Racing: Taylor ready to slip quietly into National consciousness

Gingembre boasts the right credentials to land Saturday's Aintree showpiece for novice trainer once known as 'the galloping nanny'

Should Gingembre win the Grand National at Aintree on Saturday, John and Lavinia Taylor, the couple behind the fancied chestnut, promise not to go wild. Visitors will be allowed on to their premises in Upper Lambourn and champagne will be provided. John and Lavinia, however, will probably not be there.

"We will almost certainly be hiding," Lavinia says. "We don't even think about winning a Grand National and there won't be any wild parties in Liverpool, never mind here."

This would not be the Taylor way. Little is. If Henrietta Knight and Terry Biddlecombe thought they had the field of English eccentricity to themselves, then the banging gate of the Taylors will disabuse them.

They first met at Roddy Armytage's yard at East Ilsley. John was the trainer's solicitor, Lavinia his dogsbody, a woman who rode work and also looked after Armytage's children, Gee and the subsequent Grand National-winning jockey Marcus.

Lavinia herself first got a taste of the Aintree mountains in 1989 when she rode in the Fox Hunters' on Galileo, before horses called Galileo started to win big races. Marcus was in the same race and Richard Pitman employed the full range of his Wildean humour to refer to Galileo's jockey as "the galloping nanny".

"It was a fantastic day," Lavinia remembers. "He was in the first two or three until the Canal Turn. Then the more fancied contenders went past. I finished eighth and I looked back at the end to see who had finished behind. There wasn't anyone there."

Fourteen years has passed but much has happened in the interim. The Taylors have returned from Ireland and, before that, the Antipodes and a sparsely populated part of Western Australia called Mukinbudin, where they kept 5,000 pigs in order. When they came home there was a pearl after the swine in the shape of Domaine de Pron, a horse purchased from France, who won the Eider Chase in 1998 but dropped dead before they could get the garland round his neck. That, they thought, was their shot. "After him we never thought we'd get another good one again," Lavinia says. "As it happens, we've got one that's even better."

This is the famous Gingembre, the French for Ginger. It is not a bad start, 30 years after Red Rum beat Crisp in one of the most celebrated of Nationals. His trainer was Donald McCain and he established that Ginger was not a bad name for a Liverpool winner.

By great coincidence, the Taylors are now in residence at the mighty Uplands, the former base of Crisp's trainer, Fred Winter. Gingembre now rolls around on shredded paper in the same box which the American horse Jay Trump used before his National victory for Winter in 1965. Anglo retained the prize for the yard the following year.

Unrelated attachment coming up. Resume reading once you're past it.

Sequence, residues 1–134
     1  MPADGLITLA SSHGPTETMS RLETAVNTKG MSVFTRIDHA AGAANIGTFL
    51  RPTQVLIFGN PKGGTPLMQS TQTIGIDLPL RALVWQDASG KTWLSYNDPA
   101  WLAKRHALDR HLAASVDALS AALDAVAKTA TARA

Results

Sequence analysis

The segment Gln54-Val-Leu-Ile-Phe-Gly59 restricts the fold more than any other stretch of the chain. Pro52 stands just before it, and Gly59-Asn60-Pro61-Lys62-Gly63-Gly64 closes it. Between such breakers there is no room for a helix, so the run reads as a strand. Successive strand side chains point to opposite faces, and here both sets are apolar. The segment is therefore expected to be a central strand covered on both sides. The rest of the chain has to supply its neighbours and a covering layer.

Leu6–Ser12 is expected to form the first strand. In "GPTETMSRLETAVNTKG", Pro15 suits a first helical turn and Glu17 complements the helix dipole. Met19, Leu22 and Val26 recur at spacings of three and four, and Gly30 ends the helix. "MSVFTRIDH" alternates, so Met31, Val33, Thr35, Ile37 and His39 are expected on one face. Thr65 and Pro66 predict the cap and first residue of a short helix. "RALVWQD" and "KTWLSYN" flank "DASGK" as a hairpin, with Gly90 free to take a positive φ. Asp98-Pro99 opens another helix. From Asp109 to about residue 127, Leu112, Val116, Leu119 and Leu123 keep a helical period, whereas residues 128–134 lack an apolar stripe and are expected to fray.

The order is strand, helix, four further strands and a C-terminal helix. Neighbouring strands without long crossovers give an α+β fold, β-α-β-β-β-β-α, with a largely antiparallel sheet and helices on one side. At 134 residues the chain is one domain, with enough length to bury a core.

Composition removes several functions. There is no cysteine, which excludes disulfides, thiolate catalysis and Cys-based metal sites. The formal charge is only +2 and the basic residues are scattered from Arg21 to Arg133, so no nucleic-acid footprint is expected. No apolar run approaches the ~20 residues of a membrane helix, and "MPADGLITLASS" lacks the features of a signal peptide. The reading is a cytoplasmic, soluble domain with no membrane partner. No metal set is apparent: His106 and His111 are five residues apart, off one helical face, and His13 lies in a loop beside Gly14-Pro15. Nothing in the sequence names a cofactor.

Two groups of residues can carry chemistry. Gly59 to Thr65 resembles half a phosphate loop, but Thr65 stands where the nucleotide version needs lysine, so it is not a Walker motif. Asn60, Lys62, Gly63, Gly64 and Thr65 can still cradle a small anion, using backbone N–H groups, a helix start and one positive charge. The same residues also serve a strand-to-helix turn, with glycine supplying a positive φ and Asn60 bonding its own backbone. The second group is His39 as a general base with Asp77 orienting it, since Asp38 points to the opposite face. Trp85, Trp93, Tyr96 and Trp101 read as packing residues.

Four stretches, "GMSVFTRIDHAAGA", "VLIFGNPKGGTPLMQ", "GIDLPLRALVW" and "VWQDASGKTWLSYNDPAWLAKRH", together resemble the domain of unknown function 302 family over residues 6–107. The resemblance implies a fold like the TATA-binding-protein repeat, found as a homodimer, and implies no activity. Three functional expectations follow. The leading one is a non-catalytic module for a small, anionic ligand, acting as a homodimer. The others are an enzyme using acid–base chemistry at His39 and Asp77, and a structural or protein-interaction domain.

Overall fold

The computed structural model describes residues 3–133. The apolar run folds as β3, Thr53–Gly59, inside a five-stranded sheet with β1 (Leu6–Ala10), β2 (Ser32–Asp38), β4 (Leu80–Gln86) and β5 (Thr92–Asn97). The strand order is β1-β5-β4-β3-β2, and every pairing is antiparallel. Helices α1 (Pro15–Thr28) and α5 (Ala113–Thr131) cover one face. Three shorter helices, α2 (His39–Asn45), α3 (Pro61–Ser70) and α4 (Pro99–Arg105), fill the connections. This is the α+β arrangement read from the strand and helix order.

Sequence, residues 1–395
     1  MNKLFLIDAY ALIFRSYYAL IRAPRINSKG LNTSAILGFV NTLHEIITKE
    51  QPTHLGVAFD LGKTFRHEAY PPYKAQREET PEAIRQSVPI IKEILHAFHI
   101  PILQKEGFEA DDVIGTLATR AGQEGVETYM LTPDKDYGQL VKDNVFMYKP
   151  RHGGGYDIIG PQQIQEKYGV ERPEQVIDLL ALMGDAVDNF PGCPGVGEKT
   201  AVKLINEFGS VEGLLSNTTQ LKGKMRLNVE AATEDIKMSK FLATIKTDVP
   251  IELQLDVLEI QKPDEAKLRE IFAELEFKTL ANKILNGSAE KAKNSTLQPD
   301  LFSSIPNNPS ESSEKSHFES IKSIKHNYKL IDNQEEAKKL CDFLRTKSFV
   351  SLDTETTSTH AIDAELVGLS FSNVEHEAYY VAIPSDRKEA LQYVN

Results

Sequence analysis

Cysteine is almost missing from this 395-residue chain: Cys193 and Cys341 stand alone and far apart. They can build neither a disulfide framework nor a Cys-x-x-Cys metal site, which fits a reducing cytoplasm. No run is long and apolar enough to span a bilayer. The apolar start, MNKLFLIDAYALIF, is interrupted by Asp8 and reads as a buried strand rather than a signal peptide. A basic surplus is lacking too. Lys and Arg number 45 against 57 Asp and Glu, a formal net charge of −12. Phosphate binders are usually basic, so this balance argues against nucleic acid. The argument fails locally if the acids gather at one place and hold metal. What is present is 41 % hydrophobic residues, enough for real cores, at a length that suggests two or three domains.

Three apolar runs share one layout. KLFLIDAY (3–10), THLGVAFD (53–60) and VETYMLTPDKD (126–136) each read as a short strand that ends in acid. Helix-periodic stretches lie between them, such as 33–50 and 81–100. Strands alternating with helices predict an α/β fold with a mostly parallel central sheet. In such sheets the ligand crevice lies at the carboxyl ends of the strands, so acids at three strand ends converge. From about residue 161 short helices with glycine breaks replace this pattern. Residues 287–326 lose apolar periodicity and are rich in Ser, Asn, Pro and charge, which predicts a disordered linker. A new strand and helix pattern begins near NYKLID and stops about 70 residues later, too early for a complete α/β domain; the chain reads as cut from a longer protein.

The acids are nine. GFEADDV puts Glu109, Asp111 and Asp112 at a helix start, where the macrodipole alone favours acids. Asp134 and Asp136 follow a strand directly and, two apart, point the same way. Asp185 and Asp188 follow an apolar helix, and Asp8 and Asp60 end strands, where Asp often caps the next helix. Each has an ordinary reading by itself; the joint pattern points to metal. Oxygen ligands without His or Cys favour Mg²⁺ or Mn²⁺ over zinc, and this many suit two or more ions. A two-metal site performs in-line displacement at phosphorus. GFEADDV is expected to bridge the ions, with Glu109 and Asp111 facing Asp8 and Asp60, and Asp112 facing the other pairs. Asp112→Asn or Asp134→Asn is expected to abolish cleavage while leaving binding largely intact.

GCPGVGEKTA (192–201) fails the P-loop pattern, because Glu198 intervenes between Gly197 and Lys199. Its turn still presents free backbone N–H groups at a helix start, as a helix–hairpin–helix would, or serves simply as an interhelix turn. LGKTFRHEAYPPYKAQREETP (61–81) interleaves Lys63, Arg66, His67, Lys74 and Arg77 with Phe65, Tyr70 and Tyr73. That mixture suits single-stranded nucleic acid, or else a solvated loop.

"We still can't really believe we're at Uplands," Lavinia says. "We're very much loners in that we love living away from everyone else, doing our own thing. It's quite a culture shock coming here and being almost in the village."

The Taylors are perhaps the only people in Upper Lambourn who may believe their village is twinned with the Bronx. Inner cities are not really their style. "We don't mix with people in the village and that's not because we're snobby, rather we're not social animals," John says.

"At first, we'd be riding in the village and people would ask us if our horses were hunters or eventers," Lavinia adds. "It wasn't until we won the Scottish National that we weren't a joke I think and there are those who still look askance at us. But we don't take ourselves seriously anyway."

Gingembre, in the wake of his Ayr victory, has to be treated with the greatest respect. The nine-year-old dirty chestnut has form to die for, a proven aptitude for flat, left-handed courses. "Liverpool should suit," Lavinia concedes. "If he can get over the first fence. That could be a problem. He is such a show-off that he might imagine that everyone has come to Liverpool to watch him and stand off a stride too soon.

"But he's a different horse on fast ground. The fact that he's been second in two Hennessys on soft and heavy is a bonus because on that ground he's got just the one pace, but, on fast ground, he can find another gear at the end of the race.

"He hasn't had an A1 scope or blood test for the whole of this season until a fortnight ago. When you ride him now he's squealing and he goose-steps like a German soldier. When he's really well before a race he'll goose-step in the paddock. But that doesn't get him over the blinking first fence. With this horse, I worry about every race, so the Grand National will not be anything different."

The Taylors, though, are anything but normal. They are not striking examples of the underprivileged, but they have not used their backgrounds badly. For them, each day is something to be filled. Lavinia can ride out up to three lots, John does all the business work. Mucking out and errands are shared. It is bad territory for bob-a-job week scouts.

"We're used to getting stuck in," John says. "Lavinia is not a professional as such, but she trains the horses professionally."

The owners of the majestic Uplands will share a vehicle to Merseyside, starting at 6.00am, on Saturday. It will be a horsebox and Gingembre will be the passenger. He may be a unique horse late in the afternoon. His connections will remain unique to this country, win, lose or fall.

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